Former New York Governor Eliot Spitzer has left Democrats with quite a paradox.
On the one hand, Democrats are trying to take over the White House on the heels of what probably will prove to be the most corrupt administration in American history. That means Democrats need to tout their ability to govern with integrity.
By most any standard, Spitzer's repeated dalliances with high-priced call girls fails any integrity test. And for that reason, Democrats don't need to spend too much time trying to defend him.
On the other hand, the investigation that led to Spitzer's downfall raises serious questions about two of the biggest issues that will face our next president.
Issue No. 1? The politicization of the U.S. Justice Department, and Scott Horton, of Harper's, writes that Spitzer's case might be just the latest of many examples where the Bush DOJ prosecuted a person (almost always a Democrat) not a crime.
The Spitzer case, Horton notes, seems to be following the usual Bush DOJ script. Political prosecutions in BushWorld usually involve two dubious tactics--a focus on campaign fundraising and a focus on minor offenses--things that previously had not been seen as wrongdoing, much less criminal acts.
When the Spitzer story first broke, these elements did not seem to be in place. But then The New York Times reported that investigators were looking at Spitzer's possible use of campaign funds for meetings with prostitutes and possible use of car services.
Issue No. 2? The subprime mortgage mess, and investigative reporter Greg Palast says Bushies might have targeted Spitzer in retaliation for his efforts to clean up the banking and lending industries.
First, Palast provides some history of the subprime problem:
Here’s what happened. Since the Bush regime came to power, a new species of loan became the norm, the ‘sub-prime’ mortgage and its variants including loans with teeny “introductory” interest rates. From out of nowhere, a company called ‘Countrywide’ became America’s top mortgage lender, accounting for one in five home loans, a large chunk of these ‘sub-prime.’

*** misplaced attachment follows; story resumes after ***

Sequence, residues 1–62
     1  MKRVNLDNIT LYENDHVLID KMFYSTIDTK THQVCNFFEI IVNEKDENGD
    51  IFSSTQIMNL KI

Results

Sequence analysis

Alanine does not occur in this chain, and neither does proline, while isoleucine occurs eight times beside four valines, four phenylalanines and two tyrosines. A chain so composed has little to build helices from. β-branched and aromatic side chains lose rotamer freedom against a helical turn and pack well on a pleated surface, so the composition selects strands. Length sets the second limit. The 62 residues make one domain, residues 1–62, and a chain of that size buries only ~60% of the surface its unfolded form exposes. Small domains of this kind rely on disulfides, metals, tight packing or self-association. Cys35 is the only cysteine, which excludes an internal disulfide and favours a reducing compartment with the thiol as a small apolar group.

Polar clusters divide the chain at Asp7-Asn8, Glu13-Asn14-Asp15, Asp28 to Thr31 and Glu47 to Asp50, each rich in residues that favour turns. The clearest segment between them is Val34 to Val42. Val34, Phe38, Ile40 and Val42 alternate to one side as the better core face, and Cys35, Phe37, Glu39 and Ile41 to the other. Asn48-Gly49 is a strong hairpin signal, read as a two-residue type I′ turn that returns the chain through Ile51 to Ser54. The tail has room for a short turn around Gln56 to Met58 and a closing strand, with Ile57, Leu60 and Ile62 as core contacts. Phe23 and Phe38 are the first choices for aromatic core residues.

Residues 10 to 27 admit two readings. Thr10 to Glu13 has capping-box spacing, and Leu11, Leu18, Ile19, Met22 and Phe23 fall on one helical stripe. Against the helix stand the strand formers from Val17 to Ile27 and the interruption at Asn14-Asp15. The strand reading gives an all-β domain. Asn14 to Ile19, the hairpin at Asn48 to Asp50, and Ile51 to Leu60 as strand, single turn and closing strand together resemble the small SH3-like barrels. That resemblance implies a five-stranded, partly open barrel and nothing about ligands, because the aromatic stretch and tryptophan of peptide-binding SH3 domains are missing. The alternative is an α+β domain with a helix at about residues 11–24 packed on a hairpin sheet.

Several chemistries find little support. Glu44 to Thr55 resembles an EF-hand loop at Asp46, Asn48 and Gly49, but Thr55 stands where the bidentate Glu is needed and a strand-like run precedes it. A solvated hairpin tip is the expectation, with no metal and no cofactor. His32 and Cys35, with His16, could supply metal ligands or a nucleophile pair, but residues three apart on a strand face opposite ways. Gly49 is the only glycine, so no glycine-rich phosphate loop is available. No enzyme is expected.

Here’s how it worked: The Grinning Family, with US average household income, gets a $200,000 mortgage at 4% for two years. Their $955 monthly payment is 25% of their income. No problem. Their banker promises them a new mortgage, again at the cheap rate, in two years. But in two years, the promise ain’t worth a can of spam and the Grinnings are told to scram - because their house is now worth less than the mortgage. Now, the mortgage hits 9% or $1,609 plus fees to recover the “discount” they had for two years. Suddenly, payments equal 42% to 50% of pre-tax income. The Grinnings move into their Toyota.
Then we learn about the Bush approach to the growing fiasco:
Instead of regulating the banks that had run amok, Bush’s regulators went on the warpath against Spitzer and states attempting to stop predatory practices. Making an unprecedented use of the legal power of “federal pre-emption,” Bush-bots ordered the states to NOT enforce their consumer protection laws.
Indeed, the feds actually filed a lawsuit to block Spitzer’s investigation of ugly racial mortgage steering. Bush’s banking buddies were especially steamed that Spitzer hammered bank practices across the nation using New York State laws.